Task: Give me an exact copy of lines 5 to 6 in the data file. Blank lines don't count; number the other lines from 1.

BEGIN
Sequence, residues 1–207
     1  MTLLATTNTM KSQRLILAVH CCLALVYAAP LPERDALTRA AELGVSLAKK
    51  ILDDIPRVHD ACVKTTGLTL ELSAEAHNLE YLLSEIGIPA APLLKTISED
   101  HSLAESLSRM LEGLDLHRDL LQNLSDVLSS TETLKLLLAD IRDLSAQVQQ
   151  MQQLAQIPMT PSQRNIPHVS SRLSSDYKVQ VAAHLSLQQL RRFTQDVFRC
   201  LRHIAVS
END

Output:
   151  MQQLAQIPMT PSQRNIPHVS SRLSSDYKVQ VAAHLSLQQL RRFTQDVFRC
   201  LRHIAVS